A Tree Grows in Brooklyn

I grew up in Brooklyn, NY, just like Francie Nolan. My heritage is Irish, just like Francie’s. I knew firsthand the effects of alcoholism in my family, as does Francie. Is it any one wonder I love this book and wish more kids these days were exposed to it? Yes, it takes place in the last century during a time unlike any other we’ve seen in this country. But again, I go for the universal themes and connectability rampant in the book. This was the book that solidified for me that even if you were poor, considered white trash, and shunned by society, you could still find happiness in every day things, and feel love for those closest to you. Education was the ticket out of poverty and strife, and Francie loved to read – just like I did ( and still do!) Reading for was escape, adventure, knowledge, and beauty.  Betty Smith’s words are as timely now as they were when the book was released in 1943.

“From that time on, the world was hers for the reading. She would never be lonely again, never miss the lack of intimate friends. Books became her friends and there was one for every mood. There was poetry for quiet companionship. There was adventure when she tired of quiet hours. There would be love stories when she came into adolescence and when she wanted to feel a closeness to someone she could read a biography. On that day when she first knew she could read, she made a vow to read one book a day as long as she lived.” 

Love that message!!!

So, those are just 4 books I wish more kids read these days. Let’s see what the other authors in this blog challenge have to say. L&SR

And if you’re looking for me, I can always be found here:

Tweet Me//Read Me// Visit Me//Picture Me//Pin Me//Friend Me// Triber// BookMe // Monkey me //Watch me

 

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#SaturdaySeven #LASReviews

I’m at a conference this weekend, so I’m going to make this short and sweet.

The 7 elements I think are essential in any great romance story.

  1. a heroine with backbone that I can imagine myself being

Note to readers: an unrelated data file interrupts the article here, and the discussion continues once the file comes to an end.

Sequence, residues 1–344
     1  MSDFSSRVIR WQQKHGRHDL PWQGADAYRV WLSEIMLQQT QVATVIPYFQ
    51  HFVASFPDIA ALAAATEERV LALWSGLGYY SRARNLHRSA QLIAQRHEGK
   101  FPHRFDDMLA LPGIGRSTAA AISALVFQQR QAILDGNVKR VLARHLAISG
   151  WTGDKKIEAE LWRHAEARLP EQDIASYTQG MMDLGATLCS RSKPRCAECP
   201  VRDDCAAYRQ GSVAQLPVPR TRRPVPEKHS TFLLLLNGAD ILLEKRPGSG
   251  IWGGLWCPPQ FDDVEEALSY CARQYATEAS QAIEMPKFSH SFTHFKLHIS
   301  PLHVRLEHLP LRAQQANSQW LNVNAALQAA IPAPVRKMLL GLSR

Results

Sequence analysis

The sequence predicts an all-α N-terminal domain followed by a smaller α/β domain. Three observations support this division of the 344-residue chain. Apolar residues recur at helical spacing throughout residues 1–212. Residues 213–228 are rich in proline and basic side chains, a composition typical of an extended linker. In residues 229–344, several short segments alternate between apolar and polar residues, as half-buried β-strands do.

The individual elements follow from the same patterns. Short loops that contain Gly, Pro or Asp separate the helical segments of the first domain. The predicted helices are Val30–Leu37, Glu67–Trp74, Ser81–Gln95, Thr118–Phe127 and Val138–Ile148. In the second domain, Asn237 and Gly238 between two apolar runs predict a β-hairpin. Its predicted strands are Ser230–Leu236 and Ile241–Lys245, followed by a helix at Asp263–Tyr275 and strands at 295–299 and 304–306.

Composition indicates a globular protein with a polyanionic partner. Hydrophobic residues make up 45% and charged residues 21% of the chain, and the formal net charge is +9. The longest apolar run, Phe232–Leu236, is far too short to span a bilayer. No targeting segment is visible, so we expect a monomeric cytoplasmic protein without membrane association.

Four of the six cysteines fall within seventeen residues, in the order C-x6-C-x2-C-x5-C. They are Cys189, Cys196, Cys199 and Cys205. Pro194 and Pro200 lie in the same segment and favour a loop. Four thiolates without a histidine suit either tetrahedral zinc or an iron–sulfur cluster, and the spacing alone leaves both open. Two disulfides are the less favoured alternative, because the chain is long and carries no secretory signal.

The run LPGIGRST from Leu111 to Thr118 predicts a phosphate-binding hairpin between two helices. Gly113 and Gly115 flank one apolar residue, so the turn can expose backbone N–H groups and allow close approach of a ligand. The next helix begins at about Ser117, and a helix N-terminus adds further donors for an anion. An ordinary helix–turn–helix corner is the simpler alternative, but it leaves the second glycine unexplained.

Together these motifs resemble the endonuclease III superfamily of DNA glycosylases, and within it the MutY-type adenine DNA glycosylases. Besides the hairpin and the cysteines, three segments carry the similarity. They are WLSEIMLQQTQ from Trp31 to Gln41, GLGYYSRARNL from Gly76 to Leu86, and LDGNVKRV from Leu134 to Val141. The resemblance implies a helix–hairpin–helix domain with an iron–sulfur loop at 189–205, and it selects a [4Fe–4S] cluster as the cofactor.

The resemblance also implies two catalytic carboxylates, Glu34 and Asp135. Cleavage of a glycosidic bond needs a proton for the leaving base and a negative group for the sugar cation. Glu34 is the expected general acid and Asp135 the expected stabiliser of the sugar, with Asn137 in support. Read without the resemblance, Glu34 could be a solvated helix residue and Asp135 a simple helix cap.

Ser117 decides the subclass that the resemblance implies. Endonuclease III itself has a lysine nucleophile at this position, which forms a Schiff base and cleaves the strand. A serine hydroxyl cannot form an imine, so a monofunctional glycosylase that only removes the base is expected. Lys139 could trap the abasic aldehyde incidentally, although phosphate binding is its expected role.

2. a hero I can fall n love despite foibles and flaws
  3. a villain/protagonist who isn’t a characature
  4. a plot that is plausible with conflict that is real not contrived
  5. a setting that is real
  6. an HEA ( duh!)
  7. secondary characters that are more than just walk-ons and that enrich, contribute to, and foster the h/h’s journey to love

Check out the other authors in this hop to see some of their favorite “7 things” Seven Saturday

 

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#SaturdaySeven #LASreviews


I’m that girl who picks up a book in bookstore and turns to the first page, not the back blurb, first. If the book gets me with the first line, I’m sold. Here are my 7 favorite opening lines in books. ( I really have about 1,000 but this is Saturday Seven not  Saturday 1,000, so…heehee)

The seven best opening lines in books.

  1. Call me Ishmael – Moby Dick by Hermann Melville

2. “It is a truth universally acknowledged, that a single man in possession of a good fortune, must be in want of a wife.”

Pride and Prejudice by Jane Austen

3. “It was a bright, cold day in April. And the clocks were striking thirteen.” 1984 ~George Orwell

4. “It was a queer, sultry summer, the summer they electricuted the Rosenbergs, and I didn’t know what I was doing in New York.” The Bell Jar ~ Sylvia Plath

 

5. “In my younger and more vulnerable years my father gave me some advice that I’ve been turning over in my mind ever since. ‘Whenever you feel like criticizing any one,’ he told me, ‘just remember that all the people in this world haven’t had the advantages that you’ve had.'”

The Great Gatsby by F. Scott Fitzgerald

 

6. “We slept in what had once been the gymnasium.”

The Handmaid’s Tale by Margaret Atwood

7. “It was a dark and stormy night” Snoopy via Peanuts & Charles Shultz

 

Since this is a progressive blog hop, let’s see what some of the other authors’ seven favs for the week are: SaturdaySeven